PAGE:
Each subsequent series maintained these sensibilities even as they moved forward with the characters and situations. Robin grew to Nightwing. A new Robin came onboard. Batgirl went from being a ditzy college girl to becoming an accomplished sidekick. Batman learned to rely on his “family”, in his own fashion. The stories rarely lacked cleverness and the occasional miscues in the art were easily forgiven, both in the animated series as well as in the comic book.
Batman Beyond came in and, while that used more action and destruction to power its episodes, there was still the human anchor. Bruce Wayne, old, unable to still kick it like the old days, yet still (and thankfully) voiced by Kevin Conroy, provided a necessary link to the old days. Wayne’s struggle, not so much to go on with his mission but to adapt to his changing role (something difficult for any aging patriarch), was as much a part of the show as Terry’s growth in his assuming the mantle.

With Cartoon Network’s The Batman, however, all of that is lost. The clock has been turned back. We see a young Bruce Wayne embarking on his newly established mission with all the verve and smart-alecky banter of Spider-Man. Nowhere do we see even a hint of the dark soul that started him on his original quest as a boy – the quest to become something that could end crime and, in a way, atone for his inability to save his parents.

The first episode I saw of The Batman highlighted, ironically, the story of the Man-Bat. We are treated to a mad scientist who has secretly used Wayne Foundation funds to pay for his experiments. Not experiments to help people or understand the animal kingdom (as in the original Batman Adventures), but to make the scientist, Langstrom, a powerful being that can rule the night. The beauty of the old show (and comic) was its ability to take old characters and make them fresh, to give them new origins with tragic, human elements. In this new series, the producers return to trite, old stories that leave the reader unmoved.

The comic book takes the animated episode as its cue and launches into a second Man-Bat story that simply echoes elements from the TV show. Gone is the pathos, the human elements that made Batman Adventures the best Batman stories ever produced, and some of the best comic book character stories ever told. The trend seems to be toward loud and explosive (perhaps to compete with video games?), but in the end all it will do is drive away viewers and readers. Batman Adventures is a classic and it endures. The new The Batman show and concomitant comic book is not, and quickly will be forgotten.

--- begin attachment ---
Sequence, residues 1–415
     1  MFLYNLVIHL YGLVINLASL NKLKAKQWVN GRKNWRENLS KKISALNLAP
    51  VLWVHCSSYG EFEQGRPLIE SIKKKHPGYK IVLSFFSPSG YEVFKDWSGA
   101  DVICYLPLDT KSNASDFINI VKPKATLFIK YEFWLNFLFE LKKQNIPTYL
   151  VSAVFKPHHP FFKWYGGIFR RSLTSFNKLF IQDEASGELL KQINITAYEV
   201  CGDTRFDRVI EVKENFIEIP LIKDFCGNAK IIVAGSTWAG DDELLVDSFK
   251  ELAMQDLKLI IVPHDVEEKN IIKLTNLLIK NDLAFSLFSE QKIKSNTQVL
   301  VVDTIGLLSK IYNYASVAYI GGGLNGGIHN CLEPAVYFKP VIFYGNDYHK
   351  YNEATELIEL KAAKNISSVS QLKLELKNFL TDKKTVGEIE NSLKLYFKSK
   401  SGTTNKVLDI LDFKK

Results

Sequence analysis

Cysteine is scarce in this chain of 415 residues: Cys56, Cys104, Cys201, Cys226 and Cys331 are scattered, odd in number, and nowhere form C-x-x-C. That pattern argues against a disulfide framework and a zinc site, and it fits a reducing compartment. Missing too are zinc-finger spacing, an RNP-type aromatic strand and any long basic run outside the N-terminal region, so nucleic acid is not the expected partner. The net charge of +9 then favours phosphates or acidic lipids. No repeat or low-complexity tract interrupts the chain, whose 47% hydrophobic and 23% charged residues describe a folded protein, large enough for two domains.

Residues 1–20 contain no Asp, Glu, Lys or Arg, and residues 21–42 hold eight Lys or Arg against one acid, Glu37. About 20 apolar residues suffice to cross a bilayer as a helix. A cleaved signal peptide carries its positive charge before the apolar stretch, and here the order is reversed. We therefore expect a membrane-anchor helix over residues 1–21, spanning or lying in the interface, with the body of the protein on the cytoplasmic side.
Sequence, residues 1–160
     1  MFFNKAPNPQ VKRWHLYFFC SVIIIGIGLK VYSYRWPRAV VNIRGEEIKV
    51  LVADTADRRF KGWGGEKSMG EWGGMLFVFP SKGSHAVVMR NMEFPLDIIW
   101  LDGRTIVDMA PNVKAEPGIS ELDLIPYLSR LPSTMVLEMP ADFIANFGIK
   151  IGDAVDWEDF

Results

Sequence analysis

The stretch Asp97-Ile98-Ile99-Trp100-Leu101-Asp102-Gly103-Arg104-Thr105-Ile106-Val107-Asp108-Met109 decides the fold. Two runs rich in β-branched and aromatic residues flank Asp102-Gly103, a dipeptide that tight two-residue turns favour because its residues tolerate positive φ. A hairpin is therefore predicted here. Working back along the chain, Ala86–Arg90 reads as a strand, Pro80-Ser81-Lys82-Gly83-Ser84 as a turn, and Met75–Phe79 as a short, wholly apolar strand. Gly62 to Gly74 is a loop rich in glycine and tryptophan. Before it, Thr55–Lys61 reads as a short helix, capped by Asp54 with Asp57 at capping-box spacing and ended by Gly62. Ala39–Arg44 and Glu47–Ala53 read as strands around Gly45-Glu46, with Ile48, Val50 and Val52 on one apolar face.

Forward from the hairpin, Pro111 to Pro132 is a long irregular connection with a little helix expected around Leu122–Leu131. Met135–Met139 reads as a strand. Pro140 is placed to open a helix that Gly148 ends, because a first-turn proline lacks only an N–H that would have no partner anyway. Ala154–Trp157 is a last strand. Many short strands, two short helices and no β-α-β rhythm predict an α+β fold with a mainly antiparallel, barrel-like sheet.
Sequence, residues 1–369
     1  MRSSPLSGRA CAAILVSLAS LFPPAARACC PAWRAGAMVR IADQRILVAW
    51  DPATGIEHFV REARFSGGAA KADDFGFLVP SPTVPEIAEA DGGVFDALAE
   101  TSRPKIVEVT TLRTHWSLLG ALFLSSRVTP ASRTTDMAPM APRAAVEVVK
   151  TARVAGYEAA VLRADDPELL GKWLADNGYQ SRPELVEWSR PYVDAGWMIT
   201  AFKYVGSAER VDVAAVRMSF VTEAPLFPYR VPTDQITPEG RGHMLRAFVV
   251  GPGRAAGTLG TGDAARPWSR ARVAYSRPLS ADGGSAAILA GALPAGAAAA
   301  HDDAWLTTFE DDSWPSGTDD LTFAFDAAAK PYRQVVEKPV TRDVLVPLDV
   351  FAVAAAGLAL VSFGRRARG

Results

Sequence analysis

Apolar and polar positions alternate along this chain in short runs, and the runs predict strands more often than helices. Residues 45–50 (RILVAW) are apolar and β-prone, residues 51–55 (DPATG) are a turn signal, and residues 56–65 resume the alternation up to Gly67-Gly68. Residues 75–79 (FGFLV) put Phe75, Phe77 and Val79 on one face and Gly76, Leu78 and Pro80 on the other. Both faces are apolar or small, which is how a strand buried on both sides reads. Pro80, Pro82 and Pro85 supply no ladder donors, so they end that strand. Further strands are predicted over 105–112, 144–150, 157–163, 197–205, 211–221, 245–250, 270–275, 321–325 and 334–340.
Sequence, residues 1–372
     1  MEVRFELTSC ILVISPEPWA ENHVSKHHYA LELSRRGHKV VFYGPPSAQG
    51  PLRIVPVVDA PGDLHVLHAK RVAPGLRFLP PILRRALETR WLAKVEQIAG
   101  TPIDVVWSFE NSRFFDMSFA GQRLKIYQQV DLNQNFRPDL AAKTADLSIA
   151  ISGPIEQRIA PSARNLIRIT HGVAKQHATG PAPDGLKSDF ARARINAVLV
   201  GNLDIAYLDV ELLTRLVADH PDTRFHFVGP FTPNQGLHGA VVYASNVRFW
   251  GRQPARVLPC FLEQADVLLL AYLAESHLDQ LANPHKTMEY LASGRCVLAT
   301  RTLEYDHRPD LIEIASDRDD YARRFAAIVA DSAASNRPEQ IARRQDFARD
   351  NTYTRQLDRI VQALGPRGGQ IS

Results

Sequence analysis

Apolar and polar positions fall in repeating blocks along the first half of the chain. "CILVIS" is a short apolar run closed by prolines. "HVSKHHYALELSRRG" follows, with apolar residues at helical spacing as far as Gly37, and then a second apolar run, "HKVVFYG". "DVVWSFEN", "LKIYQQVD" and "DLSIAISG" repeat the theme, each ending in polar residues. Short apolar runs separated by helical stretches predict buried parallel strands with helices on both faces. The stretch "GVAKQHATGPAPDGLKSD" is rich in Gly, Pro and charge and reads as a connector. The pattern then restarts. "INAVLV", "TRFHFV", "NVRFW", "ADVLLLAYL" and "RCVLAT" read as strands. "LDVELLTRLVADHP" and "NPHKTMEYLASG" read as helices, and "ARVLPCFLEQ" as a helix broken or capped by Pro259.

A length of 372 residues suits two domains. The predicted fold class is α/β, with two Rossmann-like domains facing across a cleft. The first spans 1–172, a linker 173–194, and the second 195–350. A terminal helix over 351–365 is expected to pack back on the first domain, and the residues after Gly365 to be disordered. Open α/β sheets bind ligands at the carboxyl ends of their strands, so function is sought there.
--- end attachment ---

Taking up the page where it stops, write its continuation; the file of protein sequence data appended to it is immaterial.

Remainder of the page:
For more information about the monthly Los Angeles Comic Book and Science Fiction Convention please visit:

Hits and Misses

Top of the Heap – November

Ultimate Spider-Man – continues to be well written and respectful of the original. There is almost always a sense of “what comes next?” about the title. Peter Parker is again a kid struggling in an adult world. A great read. And the artwork is better than that deformed Ramos garbage.

Savage Dragon – never-ending comic book smash style fun! You don’t get emotionally involved with these characters but you do have a lot of destructive fun. We have yet to find out the truth about the dragon, yet does anyone truly care. It is an auteur’s piece and should be celebrated for that fact alone.

She-Hulk – I love it. So, of course it’s being canceled. This story has a nice feel to it. There’s humor, some nice below-the-radar subplots, great art, good writing. All-in-all, nicely done. When it comes back in May it won’t be the same and it won’t be as good.

JLA – I enjoyed John Byrne’s short run on the book and I didn’t mind the introspective follow-up run that should have taken a reflective look at the first failures of these heroes rather than having them experience failure now and being devastated. Of course any failure these heroes suffer should affect them, especially when life is lost. They shouldn’t be inured to it, but they should by now have developed a philosophy about it. Casting the events in issues 101-106 in a flashback sequence would have helped make the run more realistic and they could have had one of the sidekicks or newer heroes (the new version of Firsestorm?) suffering his first loss instead. I look forward to Kurt Busiek’s eight issue run. Busiek plans, of all things, to do a comic book story: adventure, excitement, thrills. No politics, no social commentary, no posturing. Just good comics. Imagine that!

Daredevil – I totally hate Brian Michael Bendis. The more he writes the better he seems to get. I know for a fact that he’s taking at least one opportunity away from me to write a book for Marvel ;>) Still, his Daredevil – while occasionally suffering from verbosity – is an elegant piece of work that many issues ago redefined the character without tearing him down. Coupled with the stunning artwork of Alex Maleev, this is one of the best books extant.